I’d also note that, over history, there have been many great atheist poets (Shelley and Larkin are two obvious examples). My point is that the New Atheism, at least by those heading the movement, shows a cranky impatience and suspicion toward the paradoxical and poetic. They suspect them as routes by which religion sneaks “woo” past people. I understand the concern, especially in analytical debate, but it’s also possible to lose sight of the forest for the trees.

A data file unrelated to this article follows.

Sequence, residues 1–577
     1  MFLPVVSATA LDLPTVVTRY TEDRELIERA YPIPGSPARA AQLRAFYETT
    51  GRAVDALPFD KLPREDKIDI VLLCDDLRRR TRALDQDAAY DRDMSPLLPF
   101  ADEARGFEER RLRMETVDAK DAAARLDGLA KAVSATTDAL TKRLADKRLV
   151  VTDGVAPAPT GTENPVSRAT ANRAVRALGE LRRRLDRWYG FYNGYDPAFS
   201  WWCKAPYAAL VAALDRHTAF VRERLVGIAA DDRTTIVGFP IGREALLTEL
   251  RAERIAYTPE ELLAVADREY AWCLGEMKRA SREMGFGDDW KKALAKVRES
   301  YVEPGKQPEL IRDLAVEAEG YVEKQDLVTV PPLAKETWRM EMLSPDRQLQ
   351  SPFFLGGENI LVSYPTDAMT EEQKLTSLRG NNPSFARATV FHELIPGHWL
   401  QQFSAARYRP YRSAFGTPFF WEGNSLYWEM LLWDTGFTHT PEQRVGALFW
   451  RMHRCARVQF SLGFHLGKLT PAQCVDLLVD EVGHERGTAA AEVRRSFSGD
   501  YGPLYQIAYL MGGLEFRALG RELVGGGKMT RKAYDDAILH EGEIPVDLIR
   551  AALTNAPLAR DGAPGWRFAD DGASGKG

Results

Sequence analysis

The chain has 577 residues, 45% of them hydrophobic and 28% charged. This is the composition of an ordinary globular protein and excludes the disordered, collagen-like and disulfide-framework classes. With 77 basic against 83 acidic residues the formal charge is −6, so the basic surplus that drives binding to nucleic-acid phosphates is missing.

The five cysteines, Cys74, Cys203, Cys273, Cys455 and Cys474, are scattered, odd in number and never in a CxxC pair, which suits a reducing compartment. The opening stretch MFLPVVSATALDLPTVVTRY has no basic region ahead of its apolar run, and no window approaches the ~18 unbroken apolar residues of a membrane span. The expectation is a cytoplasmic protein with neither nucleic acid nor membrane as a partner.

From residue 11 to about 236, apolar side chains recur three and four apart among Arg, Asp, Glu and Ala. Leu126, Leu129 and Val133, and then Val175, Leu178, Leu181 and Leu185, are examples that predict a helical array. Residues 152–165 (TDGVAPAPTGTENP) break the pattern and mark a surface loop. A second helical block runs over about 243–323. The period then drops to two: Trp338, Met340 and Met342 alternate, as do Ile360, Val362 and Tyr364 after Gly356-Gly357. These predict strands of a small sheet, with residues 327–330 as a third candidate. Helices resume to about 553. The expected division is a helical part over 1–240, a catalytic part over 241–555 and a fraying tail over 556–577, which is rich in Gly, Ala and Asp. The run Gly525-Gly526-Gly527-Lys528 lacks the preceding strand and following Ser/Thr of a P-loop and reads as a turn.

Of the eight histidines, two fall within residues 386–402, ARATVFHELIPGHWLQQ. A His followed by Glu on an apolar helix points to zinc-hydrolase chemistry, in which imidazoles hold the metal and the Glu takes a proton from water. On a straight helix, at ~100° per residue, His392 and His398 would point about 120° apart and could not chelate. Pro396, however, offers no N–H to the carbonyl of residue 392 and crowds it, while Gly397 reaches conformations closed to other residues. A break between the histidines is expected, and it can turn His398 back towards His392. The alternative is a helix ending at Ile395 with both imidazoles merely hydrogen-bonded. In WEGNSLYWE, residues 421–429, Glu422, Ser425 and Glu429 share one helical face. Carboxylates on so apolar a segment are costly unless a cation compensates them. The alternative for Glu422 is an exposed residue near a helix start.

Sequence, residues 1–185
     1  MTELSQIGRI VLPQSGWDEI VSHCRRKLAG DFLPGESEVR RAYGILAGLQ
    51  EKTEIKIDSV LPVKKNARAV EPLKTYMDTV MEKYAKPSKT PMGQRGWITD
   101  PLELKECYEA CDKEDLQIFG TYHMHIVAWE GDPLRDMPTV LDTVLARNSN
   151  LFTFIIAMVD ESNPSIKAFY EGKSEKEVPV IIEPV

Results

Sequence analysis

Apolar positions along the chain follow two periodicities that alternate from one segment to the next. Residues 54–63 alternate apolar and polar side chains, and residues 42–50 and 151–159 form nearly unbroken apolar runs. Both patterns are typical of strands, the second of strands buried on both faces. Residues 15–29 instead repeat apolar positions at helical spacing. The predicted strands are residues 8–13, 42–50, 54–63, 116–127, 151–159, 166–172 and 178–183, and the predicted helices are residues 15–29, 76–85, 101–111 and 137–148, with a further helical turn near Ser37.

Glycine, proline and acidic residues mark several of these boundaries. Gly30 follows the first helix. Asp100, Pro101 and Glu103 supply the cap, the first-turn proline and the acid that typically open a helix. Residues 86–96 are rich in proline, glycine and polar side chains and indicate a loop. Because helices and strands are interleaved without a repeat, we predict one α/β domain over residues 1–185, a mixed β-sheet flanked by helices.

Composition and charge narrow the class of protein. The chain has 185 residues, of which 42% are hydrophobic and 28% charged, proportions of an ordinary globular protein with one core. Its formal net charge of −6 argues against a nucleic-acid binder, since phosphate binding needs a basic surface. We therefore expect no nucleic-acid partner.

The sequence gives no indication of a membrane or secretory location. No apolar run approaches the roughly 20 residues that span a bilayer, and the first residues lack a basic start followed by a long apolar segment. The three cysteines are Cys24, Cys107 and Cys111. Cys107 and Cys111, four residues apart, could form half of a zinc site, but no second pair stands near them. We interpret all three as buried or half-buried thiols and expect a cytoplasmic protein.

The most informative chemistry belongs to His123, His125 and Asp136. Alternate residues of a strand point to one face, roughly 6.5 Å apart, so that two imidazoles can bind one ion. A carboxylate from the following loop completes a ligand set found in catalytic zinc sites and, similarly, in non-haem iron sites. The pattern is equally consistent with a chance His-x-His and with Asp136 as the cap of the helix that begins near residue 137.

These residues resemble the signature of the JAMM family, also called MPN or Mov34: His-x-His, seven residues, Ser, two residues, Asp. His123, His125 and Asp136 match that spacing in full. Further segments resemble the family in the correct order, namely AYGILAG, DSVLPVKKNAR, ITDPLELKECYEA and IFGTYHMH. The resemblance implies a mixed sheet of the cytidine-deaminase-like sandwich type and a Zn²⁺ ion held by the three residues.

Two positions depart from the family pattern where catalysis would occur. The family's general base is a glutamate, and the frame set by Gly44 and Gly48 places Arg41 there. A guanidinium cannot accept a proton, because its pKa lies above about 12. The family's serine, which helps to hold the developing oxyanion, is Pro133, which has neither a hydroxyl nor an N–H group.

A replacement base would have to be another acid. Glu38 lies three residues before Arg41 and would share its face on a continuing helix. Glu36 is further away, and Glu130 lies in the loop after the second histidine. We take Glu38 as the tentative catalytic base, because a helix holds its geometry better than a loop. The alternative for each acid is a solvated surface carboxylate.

It is true that there were a few exhibits on display that were not selling something. But the fact of the matter is that they were in the minority, and were not well trafficked. There was, for example, a table that had one brochure on it (promoting an atheist film festival), and there was one (lonely) person at that table, but only infrequently. It wouldn’t have made a compelling picture, and I didn’t think to take a shot of it. And as for all these break out sessions that you refer to, the reality is that most of what went on Saturday was in the main banquet hall. I attended all the main speakers on Saturday in the banquet hall, and that’s where everybody appeared to be on Saturday. The event only drew approximately 700 people. And Saturday was my sole day of attendance, so I don’t know how Friday night or Sunday morning went. Sunday’s morning schedule may well have been in break out sessions, but that’s not when I was there. I hope those went well, and I wish your community well. As an agnostic, I’m simply offering my take on the convention, and why I found the atmosphere less than compelling for me.